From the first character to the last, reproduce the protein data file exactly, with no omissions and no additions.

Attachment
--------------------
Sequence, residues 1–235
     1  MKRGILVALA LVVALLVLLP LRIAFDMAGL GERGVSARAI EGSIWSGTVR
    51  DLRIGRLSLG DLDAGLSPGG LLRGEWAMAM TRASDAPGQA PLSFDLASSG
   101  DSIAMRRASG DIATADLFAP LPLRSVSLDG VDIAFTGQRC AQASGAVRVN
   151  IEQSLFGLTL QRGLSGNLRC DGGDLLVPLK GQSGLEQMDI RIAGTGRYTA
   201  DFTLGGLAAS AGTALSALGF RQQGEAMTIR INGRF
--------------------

Sequence, residues 1–235
     1  MKRGILVALA LVVALLVLLP LRIAFDMAGL GERGVSARAI EGSIWSGTVR
    51  DLRIGRLSLG DLDAGLSPGG LLRGEWAMAM TRASDAPGQA PLSFDLASSG
   101  DSIAMRRASG DIATADLFAP LPLRSVSLDG VDIAFTGQRC AQASGAVRVN
   151  IEQSLFGLTL QRGLSGNLRC DGGDLLVPLK GQSGLEQMDI RIAGTGRYTA
   201  DFTLGGLAAS AGTALSALGF RQQGEAMTIR INGRF